Question About Spectrum With Wi-Spy DBx In Very Close Proximity To AP


I was setting up a new AP and running speedtests with Chanalyzer and noticed that there were signals on other channels when testing, which were much stronger when closer to the AP. I then wondered what it looks like on the AP and saw the following when working with this AP, in this case a Netgear 1200AC (R6220) and then compared the same test with UniFi AC-Pro

Images and comparison at imgur, I tried to post them here more directly but only 1 image was allowed and I couldn’t combine them into one large image easily:

------------MODERATOR EDIT-------------- (added images):

Netgear 1200AC (R6220) -Wi-Spy Resting On AP during speedtest

Netgear 1200AC (R6220) - Wi-Spy Couple Feet Away
UniFi AC-PRO Wi-Spy On AP During Speedtest
UniFi AC-PRO Wi-Spy Couple Feet Away During Speedtest
----------END MODERATOR EDIT---------

The speedtest was done on mobile phone connected by 5Ghz on channel 36 with both APs.

My question then, is this normal to see all of that extra activity across the spectrum when measuring very close to the AP or do I have malfunctioning APs perhaps? It troubles me a bit that it’s making signal all across the DFS channels but since it’s so low power it probably does no harm I would guess.

Perhaps I’m just not understanding RF and maybe when very close to the transmitter it can seem to flood the spectrum, is that normal? Anyone with more experience I’d certainly appreciate your thoughts. Thanks!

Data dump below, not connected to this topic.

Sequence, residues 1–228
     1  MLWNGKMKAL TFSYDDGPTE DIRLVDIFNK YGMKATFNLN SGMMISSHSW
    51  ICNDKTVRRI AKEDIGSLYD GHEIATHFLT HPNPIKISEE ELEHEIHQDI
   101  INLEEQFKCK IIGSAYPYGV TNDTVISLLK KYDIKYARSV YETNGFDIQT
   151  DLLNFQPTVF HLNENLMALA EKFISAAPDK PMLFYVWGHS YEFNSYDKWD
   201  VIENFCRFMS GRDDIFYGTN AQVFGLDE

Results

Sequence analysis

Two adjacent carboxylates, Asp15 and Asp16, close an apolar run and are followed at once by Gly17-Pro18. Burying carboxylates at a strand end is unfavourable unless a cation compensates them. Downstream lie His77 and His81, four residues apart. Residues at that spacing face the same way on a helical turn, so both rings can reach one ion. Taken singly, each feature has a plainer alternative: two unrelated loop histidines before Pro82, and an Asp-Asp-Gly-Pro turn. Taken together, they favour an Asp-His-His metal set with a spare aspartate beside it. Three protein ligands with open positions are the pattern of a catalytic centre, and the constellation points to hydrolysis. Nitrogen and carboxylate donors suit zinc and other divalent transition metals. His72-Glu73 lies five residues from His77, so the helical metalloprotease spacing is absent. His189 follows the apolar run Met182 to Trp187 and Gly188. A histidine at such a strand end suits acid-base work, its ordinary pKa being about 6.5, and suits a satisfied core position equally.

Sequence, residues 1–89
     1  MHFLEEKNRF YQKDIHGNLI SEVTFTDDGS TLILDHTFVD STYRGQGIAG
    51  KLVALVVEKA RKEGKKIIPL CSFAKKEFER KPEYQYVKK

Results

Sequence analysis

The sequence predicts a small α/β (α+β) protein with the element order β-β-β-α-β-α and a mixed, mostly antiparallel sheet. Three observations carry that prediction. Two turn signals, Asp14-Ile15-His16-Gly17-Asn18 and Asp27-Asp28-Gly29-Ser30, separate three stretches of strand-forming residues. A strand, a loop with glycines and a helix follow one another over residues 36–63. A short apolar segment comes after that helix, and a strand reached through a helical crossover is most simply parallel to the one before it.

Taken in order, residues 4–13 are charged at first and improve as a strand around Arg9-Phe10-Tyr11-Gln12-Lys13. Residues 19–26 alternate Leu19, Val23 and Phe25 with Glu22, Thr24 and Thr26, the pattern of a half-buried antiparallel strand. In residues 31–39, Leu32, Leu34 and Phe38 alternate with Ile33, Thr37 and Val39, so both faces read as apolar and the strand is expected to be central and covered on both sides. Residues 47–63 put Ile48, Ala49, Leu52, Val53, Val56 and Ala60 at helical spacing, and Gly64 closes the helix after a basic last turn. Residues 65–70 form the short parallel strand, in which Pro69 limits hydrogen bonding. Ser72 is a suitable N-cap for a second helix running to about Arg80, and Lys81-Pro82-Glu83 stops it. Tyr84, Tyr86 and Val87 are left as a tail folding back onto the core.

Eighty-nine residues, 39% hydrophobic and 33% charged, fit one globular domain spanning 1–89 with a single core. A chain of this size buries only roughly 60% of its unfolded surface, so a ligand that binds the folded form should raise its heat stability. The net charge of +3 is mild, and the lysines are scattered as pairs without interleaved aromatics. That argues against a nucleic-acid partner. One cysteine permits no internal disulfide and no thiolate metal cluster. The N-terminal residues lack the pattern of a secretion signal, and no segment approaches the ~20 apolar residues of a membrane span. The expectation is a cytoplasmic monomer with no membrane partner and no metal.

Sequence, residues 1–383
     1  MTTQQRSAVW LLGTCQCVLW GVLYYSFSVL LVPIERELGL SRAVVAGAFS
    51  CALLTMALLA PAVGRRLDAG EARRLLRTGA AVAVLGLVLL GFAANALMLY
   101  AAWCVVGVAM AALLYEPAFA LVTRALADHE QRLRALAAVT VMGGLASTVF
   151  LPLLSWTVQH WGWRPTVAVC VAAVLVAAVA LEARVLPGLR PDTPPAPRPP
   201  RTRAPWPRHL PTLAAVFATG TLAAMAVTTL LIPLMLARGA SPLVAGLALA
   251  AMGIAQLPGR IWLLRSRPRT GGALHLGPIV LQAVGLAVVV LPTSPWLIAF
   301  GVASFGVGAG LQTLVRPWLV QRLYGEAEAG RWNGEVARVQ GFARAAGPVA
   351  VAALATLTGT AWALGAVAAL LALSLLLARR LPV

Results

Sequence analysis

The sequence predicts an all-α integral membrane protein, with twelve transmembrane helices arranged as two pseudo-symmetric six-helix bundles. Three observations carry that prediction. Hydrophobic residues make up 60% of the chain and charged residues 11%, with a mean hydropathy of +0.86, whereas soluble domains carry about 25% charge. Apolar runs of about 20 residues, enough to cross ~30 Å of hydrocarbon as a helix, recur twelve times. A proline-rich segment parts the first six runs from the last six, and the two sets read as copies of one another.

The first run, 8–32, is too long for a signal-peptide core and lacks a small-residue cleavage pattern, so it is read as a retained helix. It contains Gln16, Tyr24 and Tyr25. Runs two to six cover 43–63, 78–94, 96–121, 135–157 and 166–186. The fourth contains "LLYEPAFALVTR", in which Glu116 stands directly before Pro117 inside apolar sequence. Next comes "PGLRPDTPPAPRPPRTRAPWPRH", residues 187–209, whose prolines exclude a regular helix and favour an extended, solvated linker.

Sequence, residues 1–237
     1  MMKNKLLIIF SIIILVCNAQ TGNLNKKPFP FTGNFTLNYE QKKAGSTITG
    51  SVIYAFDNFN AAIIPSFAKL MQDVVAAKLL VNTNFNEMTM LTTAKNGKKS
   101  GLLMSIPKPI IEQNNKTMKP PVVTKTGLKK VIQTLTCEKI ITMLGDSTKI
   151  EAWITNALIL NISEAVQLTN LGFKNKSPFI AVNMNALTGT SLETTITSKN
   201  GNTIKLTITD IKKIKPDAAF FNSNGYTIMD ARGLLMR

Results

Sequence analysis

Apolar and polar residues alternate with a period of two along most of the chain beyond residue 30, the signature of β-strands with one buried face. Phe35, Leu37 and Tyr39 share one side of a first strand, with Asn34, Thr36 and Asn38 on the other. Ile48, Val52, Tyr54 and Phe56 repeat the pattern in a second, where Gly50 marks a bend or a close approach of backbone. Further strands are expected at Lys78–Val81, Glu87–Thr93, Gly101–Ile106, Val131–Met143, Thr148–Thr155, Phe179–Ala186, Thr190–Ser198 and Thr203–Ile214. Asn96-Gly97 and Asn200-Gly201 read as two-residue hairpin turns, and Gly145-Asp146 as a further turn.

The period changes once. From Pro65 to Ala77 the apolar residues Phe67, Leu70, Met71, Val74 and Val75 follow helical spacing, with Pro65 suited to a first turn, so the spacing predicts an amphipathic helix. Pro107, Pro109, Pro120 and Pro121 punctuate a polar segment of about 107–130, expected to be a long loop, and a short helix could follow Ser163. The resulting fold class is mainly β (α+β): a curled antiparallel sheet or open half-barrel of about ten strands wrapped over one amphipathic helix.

Hi @will8741, welcome to the MetaGeek Community! Thanks for taking the time to post these images and for the great question. Sorry about the forum limitation on images. There are a couple of things going on here, and the good news is that your AP is probably working as designed.

First of all, yes, it is normal to have detectable RF activity all across the band when you are that close to a strong transmitter. The signals below -85 dBm that extend into the DFS channels, as you observed, are so low amplitude that they have attenuated into the noise floor by the time they get a few feet away from the transmitter.

Secondly, I suspect that the higher amplitude signal near channel 149 is not really there at all. That is probably an “image” of the real signal on channel 36 that is created by harmonic mixing products within the DBx itself. Those “images” typically are not visible as they are -30 dB from the true signal, but with the input signal that loud, the image is easily observed.

Thanks for the detailed response, I really appreciate it. Thanks also for adding the images to the post. I have a lot to learn about RF and this helps.

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